Empiricism is also extremely important in cybersecurity and in many ways can mean the difference between compliance and true security. Compliance means that an organization “checks the boxes” in terms of security controls by showing adherence with a framework such as NIST SP 800-53. But compliance does not necessarily bring security. One big problem with a compliance-based approach to cybersecurity is that an organization gets a point-in-time snapshot of how well they are doing cyber. In some leading cybersecurity compliance frameworks, a full assessment only occurs once every three years. Obviously, a lot can change in three years, and three years is a substantial period of time where bad things could be happening in an organization’s IT systems.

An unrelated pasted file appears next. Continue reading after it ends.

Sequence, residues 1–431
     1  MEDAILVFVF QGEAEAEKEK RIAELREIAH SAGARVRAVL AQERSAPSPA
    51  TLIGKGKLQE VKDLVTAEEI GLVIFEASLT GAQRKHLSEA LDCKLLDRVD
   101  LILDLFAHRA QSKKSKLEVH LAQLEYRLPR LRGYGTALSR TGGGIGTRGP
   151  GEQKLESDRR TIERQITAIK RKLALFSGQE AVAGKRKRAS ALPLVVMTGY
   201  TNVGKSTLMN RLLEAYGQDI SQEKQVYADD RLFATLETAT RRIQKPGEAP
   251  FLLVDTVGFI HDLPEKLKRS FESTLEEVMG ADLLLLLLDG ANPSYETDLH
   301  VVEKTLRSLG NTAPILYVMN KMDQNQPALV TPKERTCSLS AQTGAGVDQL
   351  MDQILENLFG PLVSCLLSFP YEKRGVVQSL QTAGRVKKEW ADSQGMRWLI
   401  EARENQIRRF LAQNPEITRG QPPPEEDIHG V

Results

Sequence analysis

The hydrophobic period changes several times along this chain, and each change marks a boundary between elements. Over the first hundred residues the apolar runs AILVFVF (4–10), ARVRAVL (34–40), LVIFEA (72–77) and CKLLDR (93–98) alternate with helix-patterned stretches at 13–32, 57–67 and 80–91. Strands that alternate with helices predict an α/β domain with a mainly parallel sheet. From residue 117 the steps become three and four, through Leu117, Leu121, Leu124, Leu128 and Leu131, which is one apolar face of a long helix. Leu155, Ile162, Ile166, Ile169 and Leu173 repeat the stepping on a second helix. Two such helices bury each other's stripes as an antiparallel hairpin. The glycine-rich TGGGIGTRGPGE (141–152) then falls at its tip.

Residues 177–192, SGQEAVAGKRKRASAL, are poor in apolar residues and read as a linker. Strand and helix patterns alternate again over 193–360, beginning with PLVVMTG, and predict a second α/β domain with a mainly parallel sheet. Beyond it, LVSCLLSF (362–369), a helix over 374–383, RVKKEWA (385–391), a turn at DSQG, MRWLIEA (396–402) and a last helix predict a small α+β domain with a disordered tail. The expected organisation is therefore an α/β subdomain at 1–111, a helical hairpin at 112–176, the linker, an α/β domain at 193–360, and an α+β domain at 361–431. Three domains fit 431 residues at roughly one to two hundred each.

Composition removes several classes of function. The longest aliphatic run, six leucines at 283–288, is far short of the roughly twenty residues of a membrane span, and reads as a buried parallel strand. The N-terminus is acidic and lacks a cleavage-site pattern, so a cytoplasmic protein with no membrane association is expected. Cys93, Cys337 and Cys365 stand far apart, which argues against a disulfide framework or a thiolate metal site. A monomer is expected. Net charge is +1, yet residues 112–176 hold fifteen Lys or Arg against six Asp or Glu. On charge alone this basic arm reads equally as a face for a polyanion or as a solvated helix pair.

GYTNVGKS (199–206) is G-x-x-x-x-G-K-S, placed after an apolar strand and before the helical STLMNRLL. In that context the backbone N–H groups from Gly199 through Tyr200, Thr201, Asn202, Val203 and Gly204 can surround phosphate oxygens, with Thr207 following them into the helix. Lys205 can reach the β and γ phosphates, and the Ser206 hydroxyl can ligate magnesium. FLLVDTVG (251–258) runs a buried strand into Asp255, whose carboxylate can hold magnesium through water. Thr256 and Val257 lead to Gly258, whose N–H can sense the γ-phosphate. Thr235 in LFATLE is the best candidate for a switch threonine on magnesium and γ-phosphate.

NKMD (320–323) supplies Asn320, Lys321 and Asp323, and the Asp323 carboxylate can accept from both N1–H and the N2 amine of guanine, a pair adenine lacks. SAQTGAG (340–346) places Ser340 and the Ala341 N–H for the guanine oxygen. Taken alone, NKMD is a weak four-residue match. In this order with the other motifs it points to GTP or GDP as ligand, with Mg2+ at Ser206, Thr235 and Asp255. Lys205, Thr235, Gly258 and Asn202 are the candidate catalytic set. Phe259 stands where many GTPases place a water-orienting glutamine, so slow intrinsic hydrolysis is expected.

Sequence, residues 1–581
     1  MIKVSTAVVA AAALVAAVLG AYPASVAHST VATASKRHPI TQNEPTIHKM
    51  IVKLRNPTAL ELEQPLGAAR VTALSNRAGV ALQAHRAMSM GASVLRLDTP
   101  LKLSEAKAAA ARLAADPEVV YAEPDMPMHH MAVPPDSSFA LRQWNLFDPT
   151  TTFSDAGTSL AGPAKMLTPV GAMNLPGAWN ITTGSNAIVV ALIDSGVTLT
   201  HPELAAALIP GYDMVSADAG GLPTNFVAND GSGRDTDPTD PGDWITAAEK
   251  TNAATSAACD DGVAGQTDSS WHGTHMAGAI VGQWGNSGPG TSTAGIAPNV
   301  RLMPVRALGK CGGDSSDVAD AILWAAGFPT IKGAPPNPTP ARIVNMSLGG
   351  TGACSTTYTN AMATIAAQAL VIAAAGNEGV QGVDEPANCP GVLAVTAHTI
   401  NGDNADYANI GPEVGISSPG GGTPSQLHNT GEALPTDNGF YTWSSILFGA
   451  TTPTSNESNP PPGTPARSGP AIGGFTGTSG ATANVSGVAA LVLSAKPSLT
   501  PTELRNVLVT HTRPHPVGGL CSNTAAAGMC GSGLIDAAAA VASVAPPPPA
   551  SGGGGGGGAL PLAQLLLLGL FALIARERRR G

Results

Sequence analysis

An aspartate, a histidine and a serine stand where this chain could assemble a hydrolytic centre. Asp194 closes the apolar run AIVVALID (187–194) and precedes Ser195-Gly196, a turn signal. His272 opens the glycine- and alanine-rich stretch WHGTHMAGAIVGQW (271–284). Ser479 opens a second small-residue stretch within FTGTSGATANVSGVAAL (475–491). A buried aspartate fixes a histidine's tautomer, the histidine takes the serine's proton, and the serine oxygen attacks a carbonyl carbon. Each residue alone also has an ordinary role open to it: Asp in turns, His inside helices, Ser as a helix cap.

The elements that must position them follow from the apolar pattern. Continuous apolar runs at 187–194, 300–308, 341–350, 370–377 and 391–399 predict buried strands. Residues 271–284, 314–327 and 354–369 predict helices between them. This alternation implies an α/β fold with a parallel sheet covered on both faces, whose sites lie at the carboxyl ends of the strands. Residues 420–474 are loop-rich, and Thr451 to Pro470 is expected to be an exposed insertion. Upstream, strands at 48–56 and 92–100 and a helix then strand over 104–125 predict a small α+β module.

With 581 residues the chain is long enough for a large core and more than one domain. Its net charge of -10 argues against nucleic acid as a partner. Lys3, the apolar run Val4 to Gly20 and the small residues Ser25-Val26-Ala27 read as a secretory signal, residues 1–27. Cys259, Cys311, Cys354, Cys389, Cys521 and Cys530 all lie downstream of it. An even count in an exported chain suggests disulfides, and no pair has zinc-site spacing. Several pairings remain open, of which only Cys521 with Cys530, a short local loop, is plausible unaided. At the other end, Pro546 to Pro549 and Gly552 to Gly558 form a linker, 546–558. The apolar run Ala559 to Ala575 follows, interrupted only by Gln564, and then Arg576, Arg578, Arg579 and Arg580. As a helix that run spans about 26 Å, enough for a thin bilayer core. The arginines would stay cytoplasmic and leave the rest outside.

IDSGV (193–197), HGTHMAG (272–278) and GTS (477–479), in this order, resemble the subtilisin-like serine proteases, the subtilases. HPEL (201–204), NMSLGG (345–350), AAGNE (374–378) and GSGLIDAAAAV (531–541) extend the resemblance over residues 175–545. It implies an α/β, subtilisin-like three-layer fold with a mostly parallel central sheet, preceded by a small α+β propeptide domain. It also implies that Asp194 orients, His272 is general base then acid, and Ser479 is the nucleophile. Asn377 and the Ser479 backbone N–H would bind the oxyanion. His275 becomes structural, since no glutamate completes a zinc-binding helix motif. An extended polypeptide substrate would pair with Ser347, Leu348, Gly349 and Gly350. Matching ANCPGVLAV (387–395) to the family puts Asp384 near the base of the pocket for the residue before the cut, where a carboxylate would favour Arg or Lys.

And there is no consideration to things like how likely is a particular vulnerability to be exploited in an organization’s system, or how critical is the data in one system versus some other organization’s systems, so you get sort of a one-size-fits-all approach to cybersecurity. Organizations need a risk-based approach to prioritizing activities and resources, and this risk based approach is now being extended to allowing access to systems — something often dubbed now as Zero Trust. Zero Trust is rooted in empiricism, where things like configurations and system and user behaviors are observed in real time, not by people, but by purpose-built systems that use an evidence based approach to determine if actions should be allowed or denied based on the level of associated risk.